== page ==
We cover a number of basic campaign commandments in ‘So You Want to Win a Local Election?’ not the least of which are:
1. Don’t let your opponent define you, and
2. Don’t give voters a reason to dismiss you outright
The best example of our first postulate is the 20170 Illinois gubernatorial race featuring Republican State Senator Bill Brady against the incumbent Democrat Pat Quinn. Brady and his team disastrously decided all they had to do to win was to repeat the phrase “I’m not the other guy” in its various iterations.
But when you allow that kind of campaign vacuum to form, it gives your opponent the perfect opportunity to fill it. And when the Quinn team released those “Who is Bill Brady?” commercials, they effectively painted the Republican as far too conservative for Illinois women.
The end result? In a race that Brady thought he couldn’t lose, Quinn prevailed by a mere 32,000 votes out of the 3.5 million ballots cast.
As to our second postulate, a 2015 Geneva, Illinois aldermanic race saw two eminently reasonable and hardworking candidates vie for the open Fourth Ward seat. That kind of level political playing field should’ve given the female candidate a leg up, but she made a massive mistake.
Her motto, “Sustainable, responsible city government” wasn’t bad on paper, but to those fine, conservative, Republican, Caucasian Geneva voters, the word “sustainable” wreaked of an impending liberal apocalypse.
That slip was all the voters needed to dismiss our intrepid candidate who wound up with just 31 percent of the vote. And that’s about as bad as it gets.
You see, the average American voter – the equivalent of an off-meds ADHD sixth-grader coming off a three-day sugar and video gaming binge – doesn’t want to be bothered with the facts. So, if you provide them with an easy way reject your candidacy outright, that’s exactly what they’ll do!
There’s a reason smart politicians speak in campaign platitudes – they work.
In both cases, our errant candidates consciously chose the strategies that doomed them. But there are ways of violating our two commandments that most electoral hopefuls would never consciously consider, and the 2019 Geneva, Illinois, School Board race provides us with a perfect example.
You see, my hometown just endured the kind of divisive teachers’ strike that pitted a very vocal pro-union minority against the 80 percent of the community that’s tired of perpetual property tax hikes. The rhetoric got so nasty that the union slated a group of teacher friendly candidates to finally teach those scurrilous sitting board members a lesson.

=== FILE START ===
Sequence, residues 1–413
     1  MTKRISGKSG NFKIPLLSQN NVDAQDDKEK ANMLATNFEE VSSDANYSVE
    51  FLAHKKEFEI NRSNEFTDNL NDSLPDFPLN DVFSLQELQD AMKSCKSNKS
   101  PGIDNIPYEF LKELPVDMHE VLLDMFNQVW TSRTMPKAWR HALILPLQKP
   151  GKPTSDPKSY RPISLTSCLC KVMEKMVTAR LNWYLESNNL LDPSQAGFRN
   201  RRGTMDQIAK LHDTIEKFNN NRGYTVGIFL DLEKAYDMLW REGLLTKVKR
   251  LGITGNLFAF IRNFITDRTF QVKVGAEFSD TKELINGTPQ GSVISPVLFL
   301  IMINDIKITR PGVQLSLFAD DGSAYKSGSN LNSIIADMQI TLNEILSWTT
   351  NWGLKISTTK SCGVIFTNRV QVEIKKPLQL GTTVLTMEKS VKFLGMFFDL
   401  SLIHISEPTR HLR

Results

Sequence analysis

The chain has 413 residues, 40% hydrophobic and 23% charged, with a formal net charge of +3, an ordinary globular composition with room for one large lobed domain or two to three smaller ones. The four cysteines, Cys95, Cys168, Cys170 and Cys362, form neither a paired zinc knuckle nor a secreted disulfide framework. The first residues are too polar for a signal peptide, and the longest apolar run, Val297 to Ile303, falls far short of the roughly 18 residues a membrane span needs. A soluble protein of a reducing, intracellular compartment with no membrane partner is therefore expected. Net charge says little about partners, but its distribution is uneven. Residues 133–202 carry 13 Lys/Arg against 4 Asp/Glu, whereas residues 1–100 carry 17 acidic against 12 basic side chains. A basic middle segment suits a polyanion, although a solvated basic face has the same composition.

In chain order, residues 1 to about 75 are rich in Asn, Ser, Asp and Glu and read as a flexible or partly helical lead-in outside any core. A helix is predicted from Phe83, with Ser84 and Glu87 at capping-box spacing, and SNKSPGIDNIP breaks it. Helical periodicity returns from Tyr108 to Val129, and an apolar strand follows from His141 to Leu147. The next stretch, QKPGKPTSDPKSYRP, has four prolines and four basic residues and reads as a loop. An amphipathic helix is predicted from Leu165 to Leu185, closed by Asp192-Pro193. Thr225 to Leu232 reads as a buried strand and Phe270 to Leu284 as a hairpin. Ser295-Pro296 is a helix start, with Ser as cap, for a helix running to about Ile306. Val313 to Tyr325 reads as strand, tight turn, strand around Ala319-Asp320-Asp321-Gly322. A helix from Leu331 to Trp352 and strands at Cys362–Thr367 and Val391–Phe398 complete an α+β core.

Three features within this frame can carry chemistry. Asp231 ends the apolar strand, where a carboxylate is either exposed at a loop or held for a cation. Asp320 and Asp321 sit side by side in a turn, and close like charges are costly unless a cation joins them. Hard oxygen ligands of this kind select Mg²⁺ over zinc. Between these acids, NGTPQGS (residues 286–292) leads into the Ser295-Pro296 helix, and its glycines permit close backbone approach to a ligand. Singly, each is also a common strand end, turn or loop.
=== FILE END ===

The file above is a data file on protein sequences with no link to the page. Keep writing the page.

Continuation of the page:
For those contenders to have any shot in the heavily Republican Geneva Township, they needed to keep their union affiliation on the down low. We won’t get into all the Illinois campaign finance machinations that allow for that kind of thing, but it’s not a terribly difficult thing to pull off.
But our overly passionate slate blew it right out of the gate!
Like most Rust Belt states, Illinois requires candidates to secure a specific number of voter signatures before their name goes on the ballot. And to a savvy political operative, those names can be the equivalent of political DNA.
Furthermore, nominating petitions are public record such that most county clerks post the signature sheets online. So, you can peruse that paperwork from the comfort of your PJs and it took a scant five minutes to determine exactly who the four pro-union candidates were.
Why was it so easy to ascertain their affiliation? Because almost every one of their signatures came from district teachers.
That simple discovery allowed me to paint them as a pro-tax slate before they had the opportunity to define themselves. I’m sure they’ll make some attempt try to reframe their message, but if there’s a term that’s even more devastating than “sustainable” in Geneva, it’s “pro-tax.”
So, as long as the three fiscally conservative candidates drive that message home, the voters won’t consider their union-backed counterparts and no amount of counter-messaging will change that.
What those candidates should’ve done is acquired walk lists from the county clerk and canvassed a precinct to get those 100 signatures. That effort does two things. First, it keeps the opposition in the dark. A signature sheet that lines up by voter address provides virtually no clues. And second, the process of procuring signatures from folks you don’t know is a perfect campaign introduction.
Those happy-to-sign teachers were going to vote for the pro-union candidates anyway, so why not use the nominating petition process as an opportunity to meet new voters and generate new support? Instead, they shot themselves in both feet before the campaign even started.
I understand nobody likes knocking on strange doors in that capricious November Midwest weather, but taking the easy way out has pretty much cost our pro-union candidates the election. Not only was I able to define them before they defined themselves, but that definition provided the voters with the perfect reason to dismiss them outright.
Now, it’s simply a matter of repeating that message until election day April 2nd.
As I frequently like to say in ‘So You Want to Win a Local Election?, no grand gesture will win an election, but one really bad move will most certainly lose it. And this is all the proof you need!